What is mechanical zero?


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garrettwc
October 7, 2004, 10:44 AM
And how is it used?

I was reading a discussion on sighting in a rifle, and it said when using iron sights you should find the mechanical zero for the rifle and use that as a starting point.

What are they talking about?

I'm a total newb to long arms.

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BigG
October 7, 2004, 10:48 AM
Put both sights, if movable, in the center position of their adjustment.

Carlos Cabeza
October 7, 2004, 11:09 AM
I'm thinkin' mechanical zero refers to scope adjustment. Try this link and see if it can help explain.

http://www.snipercountry.com/Articles/MechanicalZero.asp

garrettwc
October 7, 2004, 12:05 PM
Thanks BigG, that's sort of what I thought.

If I have the mechanical zero set as you described and I am hitting where I aim is that saying the same as fixed sights on handguns POA=POI for that particular rifle and that is was "built right" from the factory. If you are way off with mechanical zero, is that a sign the sights weren't installed correctly?

Carlos, I was talking iron sights, but that article is very good. Going to have to print that out for my files. Thanks.

Carlos Cabeza
October 7, 2004, 12:19 PM
You're welcome. I thought you may have just "heard the term" and were looking for a solid definition. I have a Winchester 9422 .22 mag with iron sights that is dead on at 100 yd but the rear sight is noticeably left of center. I'm thinking it may be poorly assembled but have not wanted to mess with it since it shoots OK.

garrettwc
October 7, 2004, 03:36 PM
The worst part about learning a new skill is now I want to go try it and I'm stuck at work. :p

JohnBT
October 7, 2004, 04:27 PM
Quit. :neener:

John

garrettwc
October 7, 2004, 05:38 PM
:p

Mal H
October 7, 2004, 05:47 PM
... and I'm stuck at work.

Don't let that stop you! (Err, that is unless you work at the Post Office. :D )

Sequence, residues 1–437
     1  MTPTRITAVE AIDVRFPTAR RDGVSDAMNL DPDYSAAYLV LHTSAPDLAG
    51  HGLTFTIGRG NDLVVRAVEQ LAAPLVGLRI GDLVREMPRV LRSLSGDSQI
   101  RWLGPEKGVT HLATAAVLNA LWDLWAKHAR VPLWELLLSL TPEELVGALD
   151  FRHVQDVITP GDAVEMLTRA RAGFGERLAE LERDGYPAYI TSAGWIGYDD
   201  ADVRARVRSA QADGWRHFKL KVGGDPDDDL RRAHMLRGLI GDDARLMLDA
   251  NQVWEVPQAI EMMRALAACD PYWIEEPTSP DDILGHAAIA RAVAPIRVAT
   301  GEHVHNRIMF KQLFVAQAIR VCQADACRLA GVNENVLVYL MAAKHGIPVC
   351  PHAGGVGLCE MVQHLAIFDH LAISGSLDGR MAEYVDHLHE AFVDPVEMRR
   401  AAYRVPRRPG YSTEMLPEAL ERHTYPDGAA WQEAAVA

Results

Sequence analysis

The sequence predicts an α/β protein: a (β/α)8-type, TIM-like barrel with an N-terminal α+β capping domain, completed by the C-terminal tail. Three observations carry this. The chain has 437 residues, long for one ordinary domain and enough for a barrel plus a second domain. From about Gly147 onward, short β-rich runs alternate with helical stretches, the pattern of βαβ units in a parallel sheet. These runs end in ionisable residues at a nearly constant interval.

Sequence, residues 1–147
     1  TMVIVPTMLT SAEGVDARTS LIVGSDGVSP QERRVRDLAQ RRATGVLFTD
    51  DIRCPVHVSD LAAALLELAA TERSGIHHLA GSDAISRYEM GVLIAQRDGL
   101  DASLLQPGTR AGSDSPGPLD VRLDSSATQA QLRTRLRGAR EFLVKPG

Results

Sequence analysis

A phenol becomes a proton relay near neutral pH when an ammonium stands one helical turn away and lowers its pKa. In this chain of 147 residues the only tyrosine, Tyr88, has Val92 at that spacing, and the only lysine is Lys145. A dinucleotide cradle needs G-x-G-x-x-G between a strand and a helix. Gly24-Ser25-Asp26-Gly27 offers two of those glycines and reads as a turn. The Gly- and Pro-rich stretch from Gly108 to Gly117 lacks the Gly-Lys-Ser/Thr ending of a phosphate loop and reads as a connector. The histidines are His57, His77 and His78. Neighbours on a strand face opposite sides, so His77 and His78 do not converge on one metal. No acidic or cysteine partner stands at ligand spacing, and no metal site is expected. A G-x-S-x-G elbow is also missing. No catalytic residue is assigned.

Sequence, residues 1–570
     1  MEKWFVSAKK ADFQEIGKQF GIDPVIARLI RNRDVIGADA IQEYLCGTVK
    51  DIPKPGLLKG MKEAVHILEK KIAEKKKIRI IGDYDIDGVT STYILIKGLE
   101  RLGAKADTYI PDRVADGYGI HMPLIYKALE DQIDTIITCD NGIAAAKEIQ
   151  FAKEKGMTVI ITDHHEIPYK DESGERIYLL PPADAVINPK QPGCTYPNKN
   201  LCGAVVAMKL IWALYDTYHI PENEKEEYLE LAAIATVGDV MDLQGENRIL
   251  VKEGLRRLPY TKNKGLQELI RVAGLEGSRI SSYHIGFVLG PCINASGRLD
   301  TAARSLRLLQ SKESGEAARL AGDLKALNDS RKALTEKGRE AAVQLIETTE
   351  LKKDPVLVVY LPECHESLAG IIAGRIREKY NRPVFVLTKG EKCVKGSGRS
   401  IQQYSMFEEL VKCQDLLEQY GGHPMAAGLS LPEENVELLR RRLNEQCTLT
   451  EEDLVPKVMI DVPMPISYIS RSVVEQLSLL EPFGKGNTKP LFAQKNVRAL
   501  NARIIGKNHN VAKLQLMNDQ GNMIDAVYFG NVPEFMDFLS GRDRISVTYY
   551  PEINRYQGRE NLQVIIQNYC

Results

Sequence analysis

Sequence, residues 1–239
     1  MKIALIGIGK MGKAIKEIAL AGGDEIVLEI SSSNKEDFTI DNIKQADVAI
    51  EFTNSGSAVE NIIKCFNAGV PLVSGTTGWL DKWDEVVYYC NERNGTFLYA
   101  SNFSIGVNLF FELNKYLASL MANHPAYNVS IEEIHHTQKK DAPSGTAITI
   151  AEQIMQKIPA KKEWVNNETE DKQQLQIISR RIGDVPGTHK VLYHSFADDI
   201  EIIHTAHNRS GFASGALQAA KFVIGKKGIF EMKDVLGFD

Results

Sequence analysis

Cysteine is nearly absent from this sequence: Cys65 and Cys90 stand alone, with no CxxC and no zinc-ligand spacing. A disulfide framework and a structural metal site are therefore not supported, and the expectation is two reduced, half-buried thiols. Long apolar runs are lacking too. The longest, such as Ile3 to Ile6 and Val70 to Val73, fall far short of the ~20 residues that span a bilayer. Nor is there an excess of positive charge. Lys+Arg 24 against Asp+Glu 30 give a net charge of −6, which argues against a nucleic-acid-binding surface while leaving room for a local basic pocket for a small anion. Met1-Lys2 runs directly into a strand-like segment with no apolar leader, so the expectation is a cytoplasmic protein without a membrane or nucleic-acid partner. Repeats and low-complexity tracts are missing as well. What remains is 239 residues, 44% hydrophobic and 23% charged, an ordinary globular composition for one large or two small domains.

garrettwc
October 7, 2004, 11:35 PM
Don't let that stop you! (Err, that is unless you work at the Post Office)

Now that you mention it, the pile of dirt from the warehouse foundation they dug next door would make a nice berm.:evil:

goalie
October 8, 2004, 12:08 AM
For iron sights, take the windage knob and turn it all the way that it will go in one direction, let's say to the left for this example. Now, count the clicks as you turn it to the right as far as it will go. Now you know how much windage you have (how many clicks) of adjustment on the rifle's sights. To get to mechanical zero, count clicks as you go back to the left and stop when you reach one-half as many clicks as it took to go all the way over from left to right. Your windage is now at mechanical zero, and you can even mark it with a grease pencil or something if you want to make changes from mechanical zero easier later on.

Repeat with elevation, substituting up and down for left and right.

BigG
October 8, 2004, 07:35 AM
Gee Goalie, is it cheating if I just line up the witness marks?

Most iron sights have crude windage and elevation adjustments, i.e., drive rear sight over in its dovetail for windage, or, front sight if it is dovetailed - a lot are not. The elevation usually has a ramp or stairstep type adjustment. If the rear sight has knobs, it is usually way more expensive than most mfrs want to put into fixed sights. They even leave sights off of most models today.

Rear sights move in direction bullet is to strike. Front sight, in opposite direction to intended bullet strike.

goalie
October 8, 2004, 11:27 AM
Sorry, I am used to match sights on rifles. What I posted would work great on an AR type rifle or anything else with click-adjustment knobs for windage and elevation.

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